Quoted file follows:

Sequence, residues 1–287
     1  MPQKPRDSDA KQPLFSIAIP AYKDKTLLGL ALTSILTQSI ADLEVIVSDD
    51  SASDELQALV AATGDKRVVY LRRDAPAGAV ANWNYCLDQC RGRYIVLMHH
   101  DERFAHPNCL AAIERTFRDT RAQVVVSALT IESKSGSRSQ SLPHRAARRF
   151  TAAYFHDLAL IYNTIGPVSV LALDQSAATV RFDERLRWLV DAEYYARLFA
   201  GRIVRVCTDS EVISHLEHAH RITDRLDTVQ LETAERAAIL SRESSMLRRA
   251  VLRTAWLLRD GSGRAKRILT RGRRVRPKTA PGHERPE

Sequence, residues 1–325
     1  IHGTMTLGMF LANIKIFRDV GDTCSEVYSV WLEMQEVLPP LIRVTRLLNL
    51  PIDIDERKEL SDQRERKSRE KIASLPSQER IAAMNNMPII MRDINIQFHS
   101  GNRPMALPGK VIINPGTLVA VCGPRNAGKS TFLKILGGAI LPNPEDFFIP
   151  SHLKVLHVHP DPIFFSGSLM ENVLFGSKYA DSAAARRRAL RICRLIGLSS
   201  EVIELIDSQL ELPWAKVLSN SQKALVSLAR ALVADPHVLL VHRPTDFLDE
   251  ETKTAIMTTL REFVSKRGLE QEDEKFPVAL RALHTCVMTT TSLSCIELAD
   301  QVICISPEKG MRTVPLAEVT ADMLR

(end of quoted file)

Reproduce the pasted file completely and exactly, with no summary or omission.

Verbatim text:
Sequence, residues 1–287
     1  MPQKPRDSDA KQPLFSIAIP AYKDKTLLGL ALTSILTQSI ADLEVIVSDD
    51  SASDELQALV AATGDKRVVY LRRDAPAGAV ANWNYCLDQC RGRYIVLMHH
   101  DERFAHPNCL AAIERTFRDT RAQVVVSALT IESKSGSRSQ SLPHRAARRF
   151  TAAYFHDLAL IYNTIGPVSV LALDQSAATV RFDERLRWLV DAEYYARLFA
   201  GRIVRVCTDS EVISHLEHAH RITDRLDTVQ LETAERAAIL SRESSMLRRA
   251  VLRTAWLLRD GSGRAKRILT RGRRVRPKTA PGHERPE

Sequence, residues 1–325
     1  IHGTMTLGMF LANIKIFRDV GDTCSEVYSV WLEMQEVLPP LIRVTRLLNL
    51  PIDIDERKEL SDQRERKSRE KIASLPSQER IAAMNNMPII MRDINIQFHS
   101  GNRPMALPGK VIINPGTLVA VCGPRNAGKS TFLKILGGAI LPNPEDFFIP
   151  SHLKVLHVHP DPIFFSGSLM ENVLFGSKYA DSAAARRRAL RICRLIGLSS
   201  EVIELIDSQL ELPWAKVLSN SQKALVSLAR ALVADPHVLL VHRPTDFLDE
   251  ETKTAIMTTL REFVSKRGLE QEDEKFPVAL RALHTCVMTT TSLSCIELAD
   301  QVICISPEKG MRTVPLAEVT ADMLR